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Aired April 17, 2002 - 17:00:00   ET



JONATHAN MANN, CNN ANCHOR (voice-over): Colin Powell's empty pockets. No cease fire, no withdrawal, no denunciation of terror. The United States secretary of state leaves the Middle East, traveling very light.

COLIN POWELL, U.S. SECT. OF STATE: We could have a cease fire declared today, but what would it mean?


MANN: Hello and welcome.

Colin Powell is the highest ranking official of the Bush administration who would agree to meet Yasser Arafat. Not once, but twice, inside his besieged compound in Ramallah, drawing attention to the fact that even if Israel has made him a prisoner, Washington still considers him a partner.

But after Powell left Wednesday, the Palestinian leader was outraged and unmoved, a measure of how far Powell felt he was going, and what he got in return.

Israel, for its part, is still describing its withdrawal from West Bank towns largely in the future tense. And if it's a promise, it may be the only kind of promise the future holds.

On our program today, the heavy hitter strikes out.

We being our look with CNN's Nic Robertson, outside that final, fruitless meeting in Ramallah.


NIC ROBERTSON, CNN CORRESPONDENT: Pulling back, the Israeli army tank outside Yasser Arafat's compound withdraws from view.

Simultaneously, Sect. of State Colin Powell enters the other side of the compound, visible around him the damage wrought to the building by the Israeli army.

Inside the gloomy corridors, home to Arafat for the last 4-1/2 months, glimpses of the accumulating trash that is no longer removed. This, the second of Powell's two meetings with the Palestinian leader in an effort to open a diplomatic door, and break Arafat's Israeli government imposed isolation.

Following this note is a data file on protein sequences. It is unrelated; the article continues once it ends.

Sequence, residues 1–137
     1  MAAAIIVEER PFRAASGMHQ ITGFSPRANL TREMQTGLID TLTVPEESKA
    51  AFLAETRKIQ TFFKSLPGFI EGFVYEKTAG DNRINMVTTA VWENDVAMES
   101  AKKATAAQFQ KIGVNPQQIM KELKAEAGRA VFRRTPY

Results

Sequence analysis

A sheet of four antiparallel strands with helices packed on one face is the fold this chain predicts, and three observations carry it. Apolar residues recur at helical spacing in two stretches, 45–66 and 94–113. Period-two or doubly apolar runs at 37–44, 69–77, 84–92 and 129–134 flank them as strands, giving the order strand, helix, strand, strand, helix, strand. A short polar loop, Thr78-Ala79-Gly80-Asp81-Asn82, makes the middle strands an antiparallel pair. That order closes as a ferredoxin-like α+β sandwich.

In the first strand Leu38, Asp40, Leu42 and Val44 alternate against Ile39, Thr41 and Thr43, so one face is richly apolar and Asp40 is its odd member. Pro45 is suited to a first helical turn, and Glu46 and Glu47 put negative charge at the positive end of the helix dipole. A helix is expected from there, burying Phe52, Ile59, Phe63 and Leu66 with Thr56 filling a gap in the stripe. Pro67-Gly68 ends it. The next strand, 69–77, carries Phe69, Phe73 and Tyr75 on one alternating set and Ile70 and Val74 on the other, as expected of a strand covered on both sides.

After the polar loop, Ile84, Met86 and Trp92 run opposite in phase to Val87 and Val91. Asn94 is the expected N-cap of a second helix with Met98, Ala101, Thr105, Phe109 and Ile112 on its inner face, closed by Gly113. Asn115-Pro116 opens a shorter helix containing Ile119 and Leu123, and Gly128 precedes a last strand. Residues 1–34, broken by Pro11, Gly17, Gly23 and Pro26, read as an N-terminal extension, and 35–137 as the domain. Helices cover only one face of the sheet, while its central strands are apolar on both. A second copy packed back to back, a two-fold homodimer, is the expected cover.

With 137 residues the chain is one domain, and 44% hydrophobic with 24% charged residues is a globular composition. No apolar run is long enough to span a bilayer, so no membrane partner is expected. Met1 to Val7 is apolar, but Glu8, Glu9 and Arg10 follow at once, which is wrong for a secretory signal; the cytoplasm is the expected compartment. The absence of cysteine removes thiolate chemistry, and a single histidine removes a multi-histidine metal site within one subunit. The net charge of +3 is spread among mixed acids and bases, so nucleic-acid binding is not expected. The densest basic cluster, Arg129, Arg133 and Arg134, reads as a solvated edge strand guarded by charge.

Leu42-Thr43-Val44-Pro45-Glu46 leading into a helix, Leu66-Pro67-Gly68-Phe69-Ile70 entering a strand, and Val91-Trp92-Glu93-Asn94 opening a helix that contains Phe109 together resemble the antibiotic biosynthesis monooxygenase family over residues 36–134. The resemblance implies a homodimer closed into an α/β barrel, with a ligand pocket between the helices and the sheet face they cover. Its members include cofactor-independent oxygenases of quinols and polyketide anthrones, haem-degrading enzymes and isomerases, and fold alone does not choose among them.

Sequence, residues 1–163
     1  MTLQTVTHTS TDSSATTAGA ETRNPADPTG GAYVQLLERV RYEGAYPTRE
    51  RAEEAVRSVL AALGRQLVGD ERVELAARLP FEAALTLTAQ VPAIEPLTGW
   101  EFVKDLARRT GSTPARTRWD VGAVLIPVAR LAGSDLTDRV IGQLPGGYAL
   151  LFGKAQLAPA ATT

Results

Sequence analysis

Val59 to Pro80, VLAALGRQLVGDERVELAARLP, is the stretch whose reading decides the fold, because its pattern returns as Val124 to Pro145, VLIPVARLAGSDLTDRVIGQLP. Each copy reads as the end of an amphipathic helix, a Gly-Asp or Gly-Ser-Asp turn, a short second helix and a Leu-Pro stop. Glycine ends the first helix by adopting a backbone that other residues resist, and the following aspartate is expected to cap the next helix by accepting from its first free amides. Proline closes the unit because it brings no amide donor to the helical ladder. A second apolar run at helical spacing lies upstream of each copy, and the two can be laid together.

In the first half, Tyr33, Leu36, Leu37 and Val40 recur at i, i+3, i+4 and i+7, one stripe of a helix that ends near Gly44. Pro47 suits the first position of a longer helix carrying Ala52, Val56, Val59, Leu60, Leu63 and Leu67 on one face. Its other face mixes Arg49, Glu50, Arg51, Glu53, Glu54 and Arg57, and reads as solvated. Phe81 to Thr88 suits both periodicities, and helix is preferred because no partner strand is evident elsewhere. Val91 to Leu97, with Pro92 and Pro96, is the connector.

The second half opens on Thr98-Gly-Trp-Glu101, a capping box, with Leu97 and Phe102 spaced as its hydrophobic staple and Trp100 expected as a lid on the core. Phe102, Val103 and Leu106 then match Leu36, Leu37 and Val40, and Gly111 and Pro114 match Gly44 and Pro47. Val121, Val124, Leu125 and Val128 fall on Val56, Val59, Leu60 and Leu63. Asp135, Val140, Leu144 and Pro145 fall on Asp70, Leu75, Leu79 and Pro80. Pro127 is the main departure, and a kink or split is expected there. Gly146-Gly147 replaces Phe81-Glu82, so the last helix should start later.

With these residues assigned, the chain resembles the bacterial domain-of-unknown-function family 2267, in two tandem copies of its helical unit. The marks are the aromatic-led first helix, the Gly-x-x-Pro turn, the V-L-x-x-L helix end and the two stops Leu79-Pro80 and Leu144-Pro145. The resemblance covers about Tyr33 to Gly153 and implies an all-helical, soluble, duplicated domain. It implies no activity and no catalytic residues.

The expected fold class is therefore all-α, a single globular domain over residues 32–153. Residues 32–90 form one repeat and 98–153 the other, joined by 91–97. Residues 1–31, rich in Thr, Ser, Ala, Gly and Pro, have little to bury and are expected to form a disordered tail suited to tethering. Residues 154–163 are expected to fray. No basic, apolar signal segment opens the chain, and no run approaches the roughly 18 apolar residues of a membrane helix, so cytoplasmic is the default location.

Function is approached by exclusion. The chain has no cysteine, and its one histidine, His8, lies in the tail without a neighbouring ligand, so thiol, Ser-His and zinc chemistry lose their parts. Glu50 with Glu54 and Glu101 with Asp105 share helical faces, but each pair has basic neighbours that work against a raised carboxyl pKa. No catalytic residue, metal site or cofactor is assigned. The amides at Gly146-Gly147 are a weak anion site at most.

YASSER ARAFAT, PALESTINIAN LEADER: I have to ask the whole international world, I have to ask His Excellency President Bush, I have to ask the United Nations: is this acceptable, that I can't go outside from the door?

ROBERTSON: In the meetings, Powell stressing Arafat's diplomatic door to the world will not open indefinitely.

POWELL: I made it clear that he and the Palestinian Authority can no longer equivocate. They must decide, as the rest of the world has decided, that terrorism must end.

Chairman Arafat must take that message to his people. He must follow through with instructions to his security forces.

ROBERTSON: Among those in Arafat's partially destroyed building, men the Israeli government say are responsible for the killing of an Israeli minister?

UNIDENTIFIED MALE: These individuals, who we are seeing now, that they have just some people that we are looking for. We speak about the heads of the Popular Front, a terrorist organization that instigated, planned and killed Minister Ze'evi inside Jerusalem.

ROBERTSON: Until these men are handed over, Sharon says he intends to continue Arafat's isolation and the occupation of Ramallah, something Palestinians say strengthens Arafat's hand here, raising his stature among Palestinians.

But Arafat was not about to make a concession. He stuck to his position. Everything on the table for discussion with the Israelis, but only after the Israeli army withdraws.

It is the impasse Powell was unable to break.

Whatever the outside view, the political landscape here appears to offer little hope for a speedy settlement.

15 minutes after Powell's departure from Arafat's compound, the Israeli army tank guarding it was pulling back into site.

Nic Robertson, CNN, Ramallah.